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Thank my cousin and the KKK Act of 1871 for federal lawsuit targeting Trump | COMMENTARY

FILE - In this Jan. 6. 2021, file photo, people storm the Capitol in Washington. A blistering internal report by the U.S. Capitol Police describes a multitude of missteps that left the force unprepared for the Jan. 6 insurrection — riot shields that shattered upon impact, expired weapons that couldn’t be used, inadequate training and an intelligence division that had few set standards. (AP Photo/John Minchillo)
FILE - In this Jan. 6. 2021, file photo, people storm the Capitol in Washington. A blistering internal report by the U.S. Capitol Police describes a multitude of missteps that left the force unprepared for the Jan. 6 insurrection — riot shields that shattered upon impact, expired weapons that couldn’t be used, inadequate training and an intelligence division that had few set standards. (AP Photo/John Minchillo) (John Minchillo/AP)

One hundred and fifty years ago, a distant cousin of mine rode with Ulysses Grant up Pennsylvania Avenue to Capitol Hill and began the process that, most recently, has resulted in Donald Trump and others being sued in federal court in connection with the storming of Congress on Jan. 6, 2021. Allow me to explain.

The cousin in question, George Boutwell, secretary of the treasury in the Grant administration, was in his office on the morning of Thursday, March 23, 1871, when he received a note to come to the White House.

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President Grant wanted George to go with him to ask Congress for a third enforcement act by which to stem the widespread violence and intimidation of Black Americans taking place throughout the South. Congress had already passed two enforcement acts to protect political and civil equality as called for by the Fourteenth and Fifteenth amendments, but a third was needed. The Ku Klux Klan and other white supremacist groups were murdering and intimidating Black people and their white supporters with impunity, from the Carolinas through the Deep South to Texas and Arkansas.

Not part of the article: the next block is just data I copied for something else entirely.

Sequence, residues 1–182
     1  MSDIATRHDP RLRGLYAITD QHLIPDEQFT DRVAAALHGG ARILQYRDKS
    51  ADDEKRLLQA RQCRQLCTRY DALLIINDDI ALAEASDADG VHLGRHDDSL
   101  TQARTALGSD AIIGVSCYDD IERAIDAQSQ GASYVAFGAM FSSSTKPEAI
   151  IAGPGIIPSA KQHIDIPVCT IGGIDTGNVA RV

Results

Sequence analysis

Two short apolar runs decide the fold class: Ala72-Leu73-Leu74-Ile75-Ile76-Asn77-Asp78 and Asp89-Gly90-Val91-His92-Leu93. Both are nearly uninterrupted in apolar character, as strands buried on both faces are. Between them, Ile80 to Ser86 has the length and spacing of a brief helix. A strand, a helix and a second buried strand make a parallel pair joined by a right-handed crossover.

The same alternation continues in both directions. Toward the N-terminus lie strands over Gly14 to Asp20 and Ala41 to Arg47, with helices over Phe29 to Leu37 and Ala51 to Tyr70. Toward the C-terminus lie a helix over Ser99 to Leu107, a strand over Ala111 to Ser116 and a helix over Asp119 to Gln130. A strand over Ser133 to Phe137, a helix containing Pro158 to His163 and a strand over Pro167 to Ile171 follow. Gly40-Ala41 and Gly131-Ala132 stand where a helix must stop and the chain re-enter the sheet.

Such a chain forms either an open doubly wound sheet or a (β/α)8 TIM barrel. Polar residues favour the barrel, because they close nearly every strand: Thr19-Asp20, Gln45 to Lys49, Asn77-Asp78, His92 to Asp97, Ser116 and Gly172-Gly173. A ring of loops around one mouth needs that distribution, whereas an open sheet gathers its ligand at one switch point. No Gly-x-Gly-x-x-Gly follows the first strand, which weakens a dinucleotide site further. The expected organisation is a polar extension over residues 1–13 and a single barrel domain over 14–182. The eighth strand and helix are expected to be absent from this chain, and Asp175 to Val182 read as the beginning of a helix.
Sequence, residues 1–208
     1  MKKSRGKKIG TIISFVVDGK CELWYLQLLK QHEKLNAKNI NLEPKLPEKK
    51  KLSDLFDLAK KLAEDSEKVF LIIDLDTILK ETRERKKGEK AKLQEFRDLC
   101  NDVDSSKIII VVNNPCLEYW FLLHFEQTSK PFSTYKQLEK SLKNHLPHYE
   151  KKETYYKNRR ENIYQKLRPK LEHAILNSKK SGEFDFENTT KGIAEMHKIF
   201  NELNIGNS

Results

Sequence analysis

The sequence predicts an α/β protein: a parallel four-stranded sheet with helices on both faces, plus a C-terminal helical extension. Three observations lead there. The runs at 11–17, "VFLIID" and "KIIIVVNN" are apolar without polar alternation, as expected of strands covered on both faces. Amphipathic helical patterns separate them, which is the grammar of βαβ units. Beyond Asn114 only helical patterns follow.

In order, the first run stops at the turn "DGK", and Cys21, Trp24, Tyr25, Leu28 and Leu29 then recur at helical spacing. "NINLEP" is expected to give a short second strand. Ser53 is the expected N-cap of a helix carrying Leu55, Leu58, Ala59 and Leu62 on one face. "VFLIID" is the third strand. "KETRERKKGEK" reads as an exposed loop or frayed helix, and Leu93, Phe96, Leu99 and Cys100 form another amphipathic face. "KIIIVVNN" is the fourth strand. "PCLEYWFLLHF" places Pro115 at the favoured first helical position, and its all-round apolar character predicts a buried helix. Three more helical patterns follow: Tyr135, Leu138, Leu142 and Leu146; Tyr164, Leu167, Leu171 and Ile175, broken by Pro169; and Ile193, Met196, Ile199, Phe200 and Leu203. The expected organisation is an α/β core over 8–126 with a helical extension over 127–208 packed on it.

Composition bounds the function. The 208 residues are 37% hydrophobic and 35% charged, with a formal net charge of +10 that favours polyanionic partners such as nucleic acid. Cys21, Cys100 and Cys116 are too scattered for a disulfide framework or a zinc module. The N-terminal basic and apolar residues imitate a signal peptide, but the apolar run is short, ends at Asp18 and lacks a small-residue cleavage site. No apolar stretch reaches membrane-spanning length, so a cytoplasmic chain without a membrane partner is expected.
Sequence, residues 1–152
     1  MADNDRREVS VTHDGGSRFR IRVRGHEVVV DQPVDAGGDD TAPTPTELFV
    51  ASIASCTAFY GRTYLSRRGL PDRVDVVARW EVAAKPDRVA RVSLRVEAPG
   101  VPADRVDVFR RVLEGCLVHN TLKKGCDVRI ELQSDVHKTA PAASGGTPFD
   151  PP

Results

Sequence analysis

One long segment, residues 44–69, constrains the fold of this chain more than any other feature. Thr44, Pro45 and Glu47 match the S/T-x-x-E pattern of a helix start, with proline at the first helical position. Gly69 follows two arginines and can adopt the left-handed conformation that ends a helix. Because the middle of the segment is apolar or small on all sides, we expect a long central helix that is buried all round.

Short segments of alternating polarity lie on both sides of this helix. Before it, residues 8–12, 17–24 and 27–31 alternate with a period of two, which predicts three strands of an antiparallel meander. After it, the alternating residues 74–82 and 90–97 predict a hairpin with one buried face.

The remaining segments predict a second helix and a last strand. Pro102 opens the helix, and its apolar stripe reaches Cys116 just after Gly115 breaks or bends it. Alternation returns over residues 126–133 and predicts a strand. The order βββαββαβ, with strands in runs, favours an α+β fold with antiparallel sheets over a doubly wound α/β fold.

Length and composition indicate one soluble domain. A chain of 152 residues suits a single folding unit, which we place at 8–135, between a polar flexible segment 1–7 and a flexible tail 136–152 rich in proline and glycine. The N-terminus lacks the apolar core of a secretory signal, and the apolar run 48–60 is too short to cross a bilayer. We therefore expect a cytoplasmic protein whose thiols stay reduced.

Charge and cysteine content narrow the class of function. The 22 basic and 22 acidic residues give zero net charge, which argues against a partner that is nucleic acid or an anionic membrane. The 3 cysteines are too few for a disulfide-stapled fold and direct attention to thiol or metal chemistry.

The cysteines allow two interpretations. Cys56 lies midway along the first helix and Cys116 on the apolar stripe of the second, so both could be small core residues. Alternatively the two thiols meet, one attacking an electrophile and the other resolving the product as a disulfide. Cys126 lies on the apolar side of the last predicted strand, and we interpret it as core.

In the presidential carriage that day, George emphasized to the president the importance of Congress enacting what would become the KKK Act of 1871. At the time, Grant was being widely criticized in both the South and the North for continued interventions by the federal government to protect Black voters and their white supporters. Boutwell would recall the president saying how “the public mind is already disturbed by the charge that I am exercising despotic powers in the South.” It was a sentiment that future presidents Dwight Eisenhower and John F. Kennedy would share when they employed federal marshals and troops to enforce school integration in Little Rock, Arkansas, in 1957 and Oxford, Mississippi, in 1962.

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Although Grant remained committed to protecting those rights, he was being denounced by the opposition Democratic Party and even by his own Republican supporters in the North. George Boutwell, who had earlier served in Congress, where he helped frame the Fourteenth and Fifteenth amendments to the Constitution guaranteeing equal protection under the law and Black voting rights, was the perfect person to be with Grant that day.